Can I get some clarification on why Registry is written the way it is?

From what I can gather, Registry is a way to localize keys to make using OTP stuff a bit easier. This is especially important when you want to use a binary key for a GenServer or Agent instead of an atom or setting it to {:global, key}.

That said, and I’m chalking this up to my own ignorance, it seems to be HIGHLY unintuitive to use. In my mind Registry is basically a supervised key/value store (like a map, but backed by an ets table) where the key responds to a {pid, init_value} tuple (or list of tuples if :duplicate is used). So when we have a function called keys, it makes sense that I’m looking for the keys within that Registry, especially since Registry.count/1 takes in the name of the Registry and returns the number of keys… Instead, we’re expected to also pass along the pid, to get the key(s) associated with it? If I’m using Registry as a way to make GenServer or Agent easier to use (not having to know the pid to pass along), why do I need to know the pid to pass along?

Similarly, Registry.values requires the registry name, a pid, AND the key? Does Map.values/1 require anything other than the map?

I understand there needs to be a difference in usages based on :unique vs :duplicate, but that seems like it could be solved via pattern matching. I like the idea of Registry, but it seems VERY clunky to use for what it’s trying to do. Am I just super ignorant of the underlying mechanisms? If so, I’d love some clarification so I can better understand where I’m falling short.

I think the part you’re missing here is that it’s generally expected that both ends – registered processes and processes interested in registered processes – know what keys they’re interested in. That would be the very same as with other registries – local atom names or :global.

Registry.keys and Registry.values are not meant as general tools to finding all keys or all values that are currently registered – besides the fact that this could potentially be quite an expensive operation. They’re much rather helpers for figuring out how a process in question is related in the registry, but you generally wouldn’t used them to interact with registered processes.

Registry.lookup, Registry.match, are the APIs you’re expected to use to query the registry (in order of complexity).

I think one other use case that you are missing is the ability to use multiple Registries, which would require knowing the registered name or pid of that individual Registry. So the design of Registry is specifically to allow multiple Registries.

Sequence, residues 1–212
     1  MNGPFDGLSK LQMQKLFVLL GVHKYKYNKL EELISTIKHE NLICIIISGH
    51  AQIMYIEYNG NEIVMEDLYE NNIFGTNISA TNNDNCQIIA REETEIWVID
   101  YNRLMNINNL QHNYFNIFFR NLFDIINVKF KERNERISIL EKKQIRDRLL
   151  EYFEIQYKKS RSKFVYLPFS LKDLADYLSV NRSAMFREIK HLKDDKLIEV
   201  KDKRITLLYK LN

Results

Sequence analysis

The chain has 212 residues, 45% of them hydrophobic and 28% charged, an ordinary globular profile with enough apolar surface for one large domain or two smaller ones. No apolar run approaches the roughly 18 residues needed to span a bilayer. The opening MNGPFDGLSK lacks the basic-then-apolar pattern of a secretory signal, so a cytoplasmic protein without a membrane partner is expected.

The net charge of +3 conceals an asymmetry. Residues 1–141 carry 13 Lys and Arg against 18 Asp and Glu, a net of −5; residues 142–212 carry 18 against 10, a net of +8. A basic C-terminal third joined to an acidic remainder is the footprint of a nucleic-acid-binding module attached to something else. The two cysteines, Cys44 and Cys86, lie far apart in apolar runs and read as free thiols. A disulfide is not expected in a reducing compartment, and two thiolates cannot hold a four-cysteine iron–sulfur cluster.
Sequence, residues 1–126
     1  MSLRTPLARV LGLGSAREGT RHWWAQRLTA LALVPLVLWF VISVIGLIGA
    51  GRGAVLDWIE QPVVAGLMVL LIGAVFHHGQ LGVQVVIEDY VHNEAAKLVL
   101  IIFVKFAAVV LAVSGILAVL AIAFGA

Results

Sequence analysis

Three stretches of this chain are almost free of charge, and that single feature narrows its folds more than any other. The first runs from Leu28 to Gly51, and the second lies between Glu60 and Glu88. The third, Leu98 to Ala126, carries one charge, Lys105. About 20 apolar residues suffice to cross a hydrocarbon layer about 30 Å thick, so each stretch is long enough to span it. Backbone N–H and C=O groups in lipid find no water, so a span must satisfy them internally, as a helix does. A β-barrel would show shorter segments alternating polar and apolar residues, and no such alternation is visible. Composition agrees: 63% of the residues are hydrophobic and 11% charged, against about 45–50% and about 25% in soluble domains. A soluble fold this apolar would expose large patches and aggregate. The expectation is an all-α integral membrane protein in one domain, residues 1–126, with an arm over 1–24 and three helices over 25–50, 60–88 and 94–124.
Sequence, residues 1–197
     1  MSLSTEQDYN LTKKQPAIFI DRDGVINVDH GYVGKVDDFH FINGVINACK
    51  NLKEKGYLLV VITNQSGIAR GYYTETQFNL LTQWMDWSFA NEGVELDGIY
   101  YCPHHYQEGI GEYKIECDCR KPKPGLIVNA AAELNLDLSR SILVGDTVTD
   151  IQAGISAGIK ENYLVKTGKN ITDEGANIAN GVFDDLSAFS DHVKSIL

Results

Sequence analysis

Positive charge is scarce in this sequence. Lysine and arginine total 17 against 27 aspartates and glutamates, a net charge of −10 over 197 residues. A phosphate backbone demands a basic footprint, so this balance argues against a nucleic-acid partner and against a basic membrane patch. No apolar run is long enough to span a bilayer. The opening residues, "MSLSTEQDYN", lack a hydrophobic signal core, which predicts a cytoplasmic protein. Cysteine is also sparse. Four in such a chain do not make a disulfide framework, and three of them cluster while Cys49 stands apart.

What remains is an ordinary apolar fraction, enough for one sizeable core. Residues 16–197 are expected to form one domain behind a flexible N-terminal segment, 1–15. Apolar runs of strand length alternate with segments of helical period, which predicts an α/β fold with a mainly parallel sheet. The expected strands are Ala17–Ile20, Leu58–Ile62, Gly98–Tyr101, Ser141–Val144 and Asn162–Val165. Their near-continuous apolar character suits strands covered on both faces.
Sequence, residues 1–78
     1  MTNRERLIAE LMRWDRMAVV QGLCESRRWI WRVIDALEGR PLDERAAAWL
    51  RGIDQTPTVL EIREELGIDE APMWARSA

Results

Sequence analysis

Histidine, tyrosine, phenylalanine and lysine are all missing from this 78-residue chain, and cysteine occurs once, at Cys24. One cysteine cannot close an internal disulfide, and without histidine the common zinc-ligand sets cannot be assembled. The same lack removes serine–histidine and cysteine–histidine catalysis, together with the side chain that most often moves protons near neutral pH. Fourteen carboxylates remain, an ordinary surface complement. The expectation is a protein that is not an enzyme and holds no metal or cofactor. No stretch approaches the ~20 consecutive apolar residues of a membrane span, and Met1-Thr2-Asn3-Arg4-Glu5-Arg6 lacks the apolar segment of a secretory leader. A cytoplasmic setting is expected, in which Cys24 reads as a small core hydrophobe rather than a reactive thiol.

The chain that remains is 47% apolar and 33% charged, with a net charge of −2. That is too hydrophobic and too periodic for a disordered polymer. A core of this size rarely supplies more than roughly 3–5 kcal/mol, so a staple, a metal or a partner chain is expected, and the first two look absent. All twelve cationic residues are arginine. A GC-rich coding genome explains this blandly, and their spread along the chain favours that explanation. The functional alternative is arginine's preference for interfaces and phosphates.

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Thank you. This does clear up a few things.

I think the confusion comes from the documentation:

A local, decentralized and scalable key-value process storage.

If it’s a key-value storage mechanism, it feels like it should behave a lot like the other “go-to” key-value storage mechanism. But I see how having to concatenate the partitions (if partitioned) would be very expensive if keys or values was used a lot.

I guess I have a sweet tooth and would prefer a bit more syntatic sugar over the Erlang abstractions.

Since it’s a key-value storage mechanism, it feels like it should behave like one. Map.keys/1 and Map.values/1 are trivial to use because I just pass in the map I want. It seems like Registry.keys should take in the name associated with the registry created in the supervisor, so Registry.keys(MyApp.GroceryRegistry) should return all of the keys available that have been registered either through Registry.register or {:via, Registry, {MyApp.GroceryRegistry, [name]}.

Instead, to get the available keys, we have to use the Erlang match pattern syntax on a function named select. If it’s a key-value store keys should return the list of keys and values should return the values.

That said, as LostKobrakai mentioned, it’s more about process discovery and use and those processes will know about each other. It’s not supposed to be used EXACTLY like a Map.

It is a key-value process storage. So you can think of it having three dimensions (key, value, pid), instead of two, and, it also allows duplicate keys with a single process. The process bit is crucial, it is not simply a key-value storage. :slight_smile: If that’s your goal, :ets tables are most likely a better choice.